“Even just for sharing geometry, Onshape pays for itself,” Meason says. “Not having to install software is a big thing. We’ve been talking with a couple of large organizations. Sometimes when you share geometry with a potential partner and say, ‘Oh, you need to install this viewer,' they’ll say, ‘No, we can’t do that. We don’t have authorization.’”

Encouraging More Created Risks


Reducing Maintenance Costs – Floating turbines give maintenance crews the flexibility to repair equipment onsite or to tow it to harbor for more tranquil working conditions.

Although Meason expected improved communication between Scotrenewables team members – as updated data is instantly shared versus sending copies – he was surprised by how much of an impact Onshape had on the design process itself. Onshape’s Branching and Merging feature allows contributors to explore multiple variations of a design in the same document. After developing new ideas on separate branches and comparing them side by side, the team can merge the best elements of each design or choose to revert back to an earlier iteration.

“Onshape is great for the conceptual idea stage when you want to create something very visual very quickly,” Meason says. “One guy goes down one branch. Another guy goes down another branch and we wind up with three possibilities we can evaluate. With our old CAD system, we probably would have ended up with three different part files or three completely different assemblies. And the merging would have to be done manually. Pick one as the master, basically, and then put a copy of the other design on your screen and pick the things you want to recreate. So the merging part used to be extremely slow.”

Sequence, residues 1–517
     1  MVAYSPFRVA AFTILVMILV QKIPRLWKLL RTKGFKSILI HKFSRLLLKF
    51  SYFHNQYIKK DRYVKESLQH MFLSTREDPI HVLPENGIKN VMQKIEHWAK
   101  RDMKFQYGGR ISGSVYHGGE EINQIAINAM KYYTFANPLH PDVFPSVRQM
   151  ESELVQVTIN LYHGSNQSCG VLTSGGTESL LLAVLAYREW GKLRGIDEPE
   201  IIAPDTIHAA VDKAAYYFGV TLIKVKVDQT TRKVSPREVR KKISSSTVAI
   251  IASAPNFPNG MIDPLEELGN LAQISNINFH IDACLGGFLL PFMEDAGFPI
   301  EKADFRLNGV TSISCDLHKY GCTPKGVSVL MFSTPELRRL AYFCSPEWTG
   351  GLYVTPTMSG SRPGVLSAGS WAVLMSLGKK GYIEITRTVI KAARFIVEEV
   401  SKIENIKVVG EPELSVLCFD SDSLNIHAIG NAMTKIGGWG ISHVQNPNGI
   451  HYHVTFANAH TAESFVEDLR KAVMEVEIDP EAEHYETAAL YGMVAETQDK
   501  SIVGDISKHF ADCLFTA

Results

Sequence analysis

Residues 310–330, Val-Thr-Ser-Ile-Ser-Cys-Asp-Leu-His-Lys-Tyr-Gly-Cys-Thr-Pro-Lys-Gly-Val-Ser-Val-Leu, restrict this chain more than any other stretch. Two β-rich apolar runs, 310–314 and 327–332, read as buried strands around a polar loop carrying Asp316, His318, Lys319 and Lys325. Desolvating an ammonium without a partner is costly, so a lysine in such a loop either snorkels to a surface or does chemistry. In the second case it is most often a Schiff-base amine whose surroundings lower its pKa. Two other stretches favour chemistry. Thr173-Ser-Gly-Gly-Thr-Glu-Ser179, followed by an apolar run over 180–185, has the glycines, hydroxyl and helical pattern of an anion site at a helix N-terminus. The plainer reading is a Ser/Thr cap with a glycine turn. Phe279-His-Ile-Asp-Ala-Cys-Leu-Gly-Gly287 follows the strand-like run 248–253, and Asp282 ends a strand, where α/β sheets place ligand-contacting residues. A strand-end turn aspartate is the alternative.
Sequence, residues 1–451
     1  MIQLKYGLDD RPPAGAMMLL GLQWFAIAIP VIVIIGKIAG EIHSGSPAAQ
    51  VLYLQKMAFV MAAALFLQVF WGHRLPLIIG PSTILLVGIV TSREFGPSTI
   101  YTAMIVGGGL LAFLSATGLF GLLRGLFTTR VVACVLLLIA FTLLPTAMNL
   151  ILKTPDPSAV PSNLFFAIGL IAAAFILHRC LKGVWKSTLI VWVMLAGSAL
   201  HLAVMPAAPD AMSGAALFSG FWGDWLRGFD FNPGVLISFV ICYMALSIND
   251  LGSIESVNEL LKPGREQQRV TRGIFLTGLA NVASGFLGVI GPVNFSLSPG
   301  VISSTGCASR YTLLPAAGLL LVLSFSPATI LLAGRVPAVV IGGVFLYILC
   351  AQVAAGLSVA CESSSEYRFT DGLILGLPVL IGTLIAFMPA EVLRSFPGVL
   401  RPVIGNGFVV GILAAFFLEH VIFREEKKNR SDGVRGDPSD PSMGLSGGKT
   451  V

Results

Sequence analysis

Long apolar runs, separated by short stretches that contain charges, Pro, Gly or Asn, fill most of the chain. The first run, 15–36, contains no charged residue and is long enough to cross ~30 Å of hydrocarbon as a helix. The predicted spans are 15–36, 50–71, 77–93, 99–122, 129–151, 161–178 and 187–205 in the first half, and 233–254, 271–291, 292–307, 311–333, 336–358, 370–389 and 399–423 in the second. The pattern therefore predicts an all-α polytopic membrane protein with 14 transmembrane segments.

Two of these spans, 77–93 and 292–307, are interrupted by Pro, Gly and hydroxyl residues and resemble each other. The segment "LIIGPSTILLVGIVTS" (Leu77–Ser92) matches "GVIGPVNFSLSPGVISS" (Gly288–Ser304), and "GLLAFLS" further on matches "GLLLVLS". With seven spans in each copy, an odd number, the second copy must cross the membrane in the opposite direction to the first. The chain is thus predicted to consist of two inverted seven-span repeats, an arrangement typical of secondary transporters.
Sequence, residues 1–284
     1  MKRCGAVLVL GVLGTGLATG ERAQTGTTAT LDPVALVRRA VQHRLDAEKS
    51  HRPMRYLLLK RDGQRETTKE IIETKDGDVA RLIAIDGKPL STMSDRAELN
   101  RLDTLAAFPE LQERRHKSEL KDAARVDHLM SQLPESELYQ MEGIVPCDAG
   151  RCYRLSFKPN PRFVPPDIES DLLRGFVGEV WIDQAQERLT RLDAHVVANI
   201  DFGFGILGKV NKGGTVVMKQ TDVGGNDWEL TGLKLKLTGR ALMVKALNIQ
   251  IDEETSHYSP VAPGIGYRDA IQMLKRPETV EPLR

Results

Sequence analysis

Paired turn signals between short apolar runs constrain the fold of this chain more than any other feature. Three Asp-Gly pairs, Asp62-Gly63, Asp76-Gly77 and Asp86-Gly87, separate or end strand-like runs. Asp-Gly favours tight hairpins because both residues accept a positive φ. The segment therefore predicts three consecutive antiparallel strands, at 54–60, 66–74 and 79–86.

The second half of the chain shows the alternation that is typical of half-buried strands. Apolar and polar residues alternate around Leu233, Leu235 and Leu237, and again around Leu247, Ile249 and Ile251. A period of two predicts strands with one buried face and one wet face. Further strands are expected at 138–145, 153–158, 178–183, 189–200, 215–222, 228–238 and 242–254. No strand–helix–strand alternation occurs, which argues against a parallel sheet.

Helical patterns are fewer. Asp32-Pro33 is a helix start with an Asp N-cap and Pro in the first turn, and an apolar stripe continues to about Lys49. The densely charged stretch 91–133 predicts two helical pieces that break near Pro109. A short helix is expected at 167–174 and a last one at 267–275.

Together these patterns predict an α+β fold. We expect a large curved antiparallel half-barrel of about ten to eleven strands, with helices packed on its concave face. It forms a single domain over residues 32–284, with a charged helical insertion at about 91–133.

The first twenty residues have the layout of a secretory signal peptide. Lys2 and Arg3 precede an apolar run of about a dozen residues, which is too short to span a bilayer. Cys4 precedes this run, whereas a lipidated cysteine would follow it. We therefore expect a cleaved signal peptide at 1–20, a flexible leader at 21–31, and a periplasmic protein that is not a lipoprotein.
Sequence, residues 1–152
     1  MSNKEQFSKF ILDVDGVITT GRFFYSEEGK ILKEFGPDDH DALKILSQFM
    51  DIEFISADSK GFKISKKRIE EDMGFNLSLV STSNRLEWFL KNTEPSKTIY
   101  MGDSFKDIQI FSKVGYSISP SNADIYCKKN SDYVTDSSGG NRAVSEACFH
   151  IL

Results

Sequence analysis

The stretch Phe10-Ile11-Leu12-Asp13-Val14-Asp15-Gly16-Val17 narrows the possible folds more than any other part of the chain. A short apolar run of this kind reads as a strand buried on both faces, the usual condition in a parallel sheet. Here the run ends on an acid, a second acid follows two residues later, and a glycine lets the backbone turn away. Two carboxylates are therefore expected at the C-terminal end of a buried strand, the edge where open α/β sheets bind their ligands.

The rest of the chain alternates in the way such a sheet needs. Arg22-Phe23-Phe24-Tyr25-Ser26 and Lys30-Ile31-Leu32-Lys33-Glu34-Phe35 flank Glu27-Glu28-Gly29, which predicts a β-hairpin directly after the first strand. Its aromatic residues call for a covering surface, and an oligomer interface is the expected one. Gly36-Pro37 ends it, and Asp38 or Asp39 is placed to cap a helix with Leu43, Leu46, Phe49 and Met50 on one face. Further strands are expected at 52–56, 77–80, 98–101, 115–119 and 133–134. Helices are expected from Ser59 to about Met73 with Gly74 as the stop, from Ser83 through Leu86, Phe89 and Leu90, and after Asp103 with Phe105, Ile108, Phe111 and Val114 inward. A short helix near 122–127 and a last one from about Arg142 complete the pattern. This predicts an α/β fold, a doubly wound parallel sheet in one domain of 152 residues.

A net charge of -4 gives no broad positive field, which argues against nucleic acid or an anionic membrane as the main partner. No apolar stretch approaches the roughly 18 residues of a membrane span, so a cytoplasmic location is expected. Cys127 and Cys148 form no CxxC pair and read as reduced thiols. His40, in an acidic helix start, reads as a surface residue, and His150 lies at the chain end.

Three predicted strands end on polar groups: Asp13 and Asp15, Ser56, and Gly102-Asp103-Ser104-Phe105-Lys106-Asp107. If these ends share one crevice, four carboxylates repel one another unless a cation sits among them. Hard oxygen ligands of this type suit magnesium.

Using Branching and Merging, he maintains, encourages his team to take bolder design risks.

“There’s no harm in trying a few different concepts,” Meason says. “If you decide you don’t like what you’ve done, you can always go back. You haven’t lost the work that you tried earlier – and you might then discover that what you were doing before actually was quite useful.”

CAD Anywhere? In the Middle of Nowhere?


Sea Power – The sparsely populated Orkney Islands are known more for their powerful waves and scenic beauty than their Internet service. (Photo courtesy of the European Marine Energy Centre).

Onshape runs on any computer using a web browser and any phone or tablet using a mobile app (Android or iOS), saving companies money on elaborate hardware. Because the “heavy lifting,” i.e. the intense computations required for CAD, happens on remote servers instead of local machines, data can be quickly shared between team members even when there is a spotty Internet connection.

Meason notes that the Orkney Islands provides the ultimate test of cloud CAD’s viability outside of heavy populated areas.

“When syncing a model in traditional CAD, trying to transfer several hundred megabytes of data could take quite a few hours, but in comparison, the amount of data streamed in Onshape is considerably less,” he says. “I haven’t had anyone on the team tell me so far that they can’t use Onshape because the Internet is too slow today.”